Research Encourages use of Wearable Technology to Reduce Workplace Injury

January 4, 2019
Construction worker on site wearing a hardhat.

The American Society of Safety Professionals (ASSP) has released a fatigue research report detailing the value of wearable technology in the workplace. The study encouraged employers to monitor worker fatigue levels to reduce injury and increase productivity.

According to ASSP, the study demonstrated how to capture a work’s safety performance and translate the data into personal fatigue levels. The research involved 25 individuals wearing wrist, hip, and ankle sensors while completing tasks performed by manufacturing workers (assembly, stocking, and remaining in a static or flexed position). After working three hour increments, the study showed it is possible to collect safety data without interfering with daily work routines.

“Fatigue is a hidden danger in the workplace, but now we’ve tackled the measurement and modeling of fatigue through wearable sensors, incorporating big data analytics and safety engineering,” Dr. Lora Cavuoto, a contributing researcher at the University of Buffalo, said in a press release.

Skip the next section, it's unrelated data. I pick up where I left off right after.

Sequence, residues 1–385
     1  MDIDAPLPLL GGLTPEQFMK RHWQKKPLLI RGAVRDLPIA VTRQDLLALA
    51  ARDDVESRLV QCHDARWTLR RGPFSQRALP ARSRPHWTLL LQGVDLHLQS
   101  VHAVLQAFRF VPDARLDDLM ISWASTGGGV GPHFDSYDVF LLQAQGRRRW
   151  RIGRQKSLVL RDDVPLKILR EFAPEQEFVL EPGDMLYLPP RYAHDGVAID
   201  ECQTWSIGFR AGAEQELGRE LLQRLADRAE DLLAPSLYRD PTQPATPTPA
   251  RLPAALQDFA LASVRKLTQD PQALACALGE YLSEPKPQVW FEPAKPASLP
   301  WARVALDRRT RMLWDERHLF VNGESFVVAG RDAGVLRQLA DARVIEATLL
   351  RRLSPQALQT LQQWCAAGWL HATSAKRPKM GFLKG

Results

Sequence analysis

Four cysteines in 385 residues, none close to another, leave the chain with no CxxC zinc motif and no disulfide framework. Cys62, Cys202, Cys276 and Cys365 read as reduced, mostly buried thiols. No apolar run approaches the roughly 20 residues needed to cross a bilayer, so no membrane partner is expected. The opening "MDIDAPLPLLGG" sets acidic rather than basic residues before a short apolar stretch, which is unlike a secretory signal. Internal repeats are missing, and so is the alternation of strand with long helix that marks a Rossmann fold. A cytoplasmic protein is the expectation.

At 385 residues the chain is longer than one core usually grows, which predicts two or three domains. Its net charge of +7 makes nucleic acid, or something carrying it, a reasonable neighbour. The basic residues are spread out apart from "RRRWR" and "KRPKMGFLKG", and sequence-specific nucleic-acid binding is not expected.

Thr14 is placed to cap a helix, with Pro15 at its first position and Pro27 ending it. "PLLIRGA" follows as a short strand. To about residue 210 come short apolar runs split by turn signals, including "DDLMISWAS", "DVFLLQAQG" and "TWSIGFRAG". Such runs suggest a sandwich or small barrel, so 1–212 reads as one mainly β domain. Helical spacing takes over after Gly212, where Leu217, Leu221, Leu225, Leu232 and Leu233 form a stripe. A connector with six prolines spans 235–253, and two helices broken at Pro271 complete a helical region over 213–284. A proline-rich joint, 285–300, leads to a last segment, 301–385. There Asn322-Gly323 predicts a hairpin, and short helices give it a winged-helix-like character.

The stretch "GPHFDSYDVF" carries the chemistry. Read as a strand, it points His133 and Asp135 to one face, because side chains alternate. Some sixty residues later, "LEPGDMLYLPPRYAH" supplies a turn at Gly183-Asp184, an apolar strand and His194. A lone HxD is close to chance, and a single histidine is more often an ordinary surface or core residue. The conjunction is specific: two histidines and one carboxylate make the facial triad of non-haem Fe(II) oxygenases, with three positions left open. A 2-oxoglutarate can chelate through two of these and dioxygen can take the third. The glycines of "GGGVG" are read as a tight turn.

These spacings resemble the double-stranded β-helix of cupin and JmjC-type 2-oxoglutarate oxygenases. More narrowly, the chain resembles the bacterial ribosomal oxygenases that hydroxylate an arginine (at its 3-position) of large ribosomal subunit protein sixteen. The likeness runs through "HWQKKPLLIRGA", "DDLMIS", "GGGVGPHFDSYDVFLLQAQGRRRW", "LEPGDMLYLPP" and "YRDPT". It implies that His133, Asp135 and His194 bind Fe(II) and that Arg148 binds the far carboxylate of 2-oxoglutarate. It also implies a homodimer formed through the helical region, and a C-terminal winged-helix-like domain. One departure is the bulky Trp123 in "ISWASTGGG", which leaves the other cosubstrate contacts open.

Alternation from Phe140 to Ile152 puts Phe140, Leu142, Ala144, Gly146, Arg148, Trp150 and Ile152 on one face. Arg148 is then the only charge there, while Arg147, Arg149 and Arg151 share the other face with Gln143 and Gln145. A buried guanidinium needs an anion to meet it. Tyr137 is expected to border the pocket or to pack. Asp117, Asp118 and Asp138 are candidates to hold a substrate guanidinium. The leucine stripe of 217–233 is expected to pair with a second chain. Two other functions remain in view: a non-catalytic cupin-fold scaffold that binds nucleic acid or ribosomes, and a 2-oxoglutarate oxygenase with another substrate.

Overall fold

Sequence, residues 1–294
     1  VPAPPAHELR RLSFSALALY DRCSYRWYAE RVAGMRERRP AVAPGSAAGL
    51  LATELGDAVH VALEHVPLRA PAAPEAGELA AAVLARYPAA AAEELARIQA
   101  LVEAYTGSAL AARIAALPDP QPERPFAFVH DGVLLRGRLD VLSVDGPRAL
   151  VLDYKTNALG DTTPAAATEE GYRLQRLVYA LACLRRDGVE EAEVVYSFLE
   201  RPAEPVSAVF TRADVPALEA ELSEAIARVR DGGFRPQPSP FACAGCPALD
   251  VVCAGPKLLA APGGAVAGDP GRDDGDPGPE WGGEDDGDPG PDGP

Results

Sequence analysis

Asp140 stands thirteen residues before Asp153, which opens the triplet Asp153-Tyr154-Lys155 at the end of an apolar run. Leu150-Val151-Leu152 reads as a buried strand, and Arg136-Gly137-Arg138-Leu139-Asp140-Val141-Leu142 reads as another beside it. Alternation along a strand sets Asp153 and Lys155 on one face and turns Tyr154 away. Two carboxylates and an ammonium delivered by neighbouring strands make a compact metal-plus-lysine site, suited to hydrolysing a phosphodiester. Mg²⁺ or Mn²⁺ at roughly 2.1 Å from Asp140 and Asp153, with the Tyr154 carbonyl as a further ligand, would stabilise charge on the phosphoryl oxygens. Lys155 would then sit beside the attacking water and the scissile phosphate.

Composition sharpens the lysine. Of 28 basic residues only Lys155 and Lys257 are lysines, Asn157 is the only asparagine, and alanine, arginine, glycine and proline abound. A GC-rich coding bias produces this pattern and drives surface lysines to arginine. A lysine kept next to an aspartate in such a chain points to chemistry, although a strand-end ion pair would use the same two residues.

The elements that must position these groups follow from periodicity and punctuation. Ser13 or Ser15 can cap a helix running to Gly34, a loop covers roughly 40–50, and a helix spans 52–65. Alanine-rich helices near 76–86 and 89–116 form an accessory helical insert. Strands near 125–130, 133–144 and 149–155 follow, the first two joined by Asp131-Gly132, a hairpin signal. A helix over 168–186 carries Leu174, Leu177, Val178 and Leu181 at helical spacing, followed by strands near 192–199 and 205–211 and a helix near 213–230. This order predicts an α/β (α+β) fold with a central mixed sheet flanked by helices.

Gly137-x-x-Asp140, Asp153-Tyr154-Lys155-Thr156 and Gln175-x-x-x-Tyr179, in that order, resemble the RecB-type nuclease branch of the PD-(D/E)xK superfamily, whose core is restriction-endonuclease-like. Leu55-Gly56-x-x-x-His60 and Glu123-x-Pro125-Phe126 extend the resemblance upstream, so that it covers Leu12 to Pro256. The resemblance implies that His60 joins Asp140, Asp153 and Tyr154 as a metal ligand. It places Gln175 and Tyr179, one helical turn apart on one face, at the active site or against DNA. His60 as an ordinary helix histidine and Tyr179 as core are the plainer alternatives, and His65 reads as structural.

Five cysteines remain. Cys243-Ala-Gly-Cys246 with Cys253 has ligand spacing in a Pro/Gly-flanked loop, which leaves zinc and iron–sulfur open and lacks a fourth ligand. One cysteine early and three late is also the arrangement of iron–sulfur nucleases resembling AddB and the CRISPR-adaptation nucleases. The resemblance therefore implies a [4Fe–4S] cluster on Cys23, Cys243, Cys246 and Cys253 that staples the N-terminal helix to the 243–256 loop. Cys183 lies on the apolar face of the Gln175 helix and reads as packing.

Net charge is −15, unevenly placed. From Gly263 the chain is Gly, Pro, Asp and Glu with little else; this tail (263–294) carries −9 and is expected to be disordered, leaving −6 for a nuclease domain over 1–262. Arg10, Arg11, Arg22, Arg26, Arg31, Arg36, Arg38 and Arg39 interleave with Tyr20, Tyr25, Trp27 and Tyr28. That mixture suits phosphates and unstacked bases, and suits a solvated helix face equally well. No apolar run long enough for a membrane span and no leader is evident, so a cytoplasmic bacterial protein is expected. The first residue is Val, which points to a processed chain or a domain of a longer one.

According to the National Safety Council, fatigue costs employers over $130 billion per year in health-related productivity losses. In addition, a  U.S. company with 1,000 employees can potentially lose more than $1 million per year due to fatigue related injuries, increasing the workload on other employees. This is reported among the construction, manufacturing, warehousing, and truck driving occupations.

“We saw how workers performed the same task in the first hour as compared to the third hour when fatigue became a factor,” said Cavoto. “Wearable technology can uncover precursors to larger problems and help establish safety interventions that may call for scheduled breaks, posture adjustments or vitamin supplements that help the body.”

Source: ASSP

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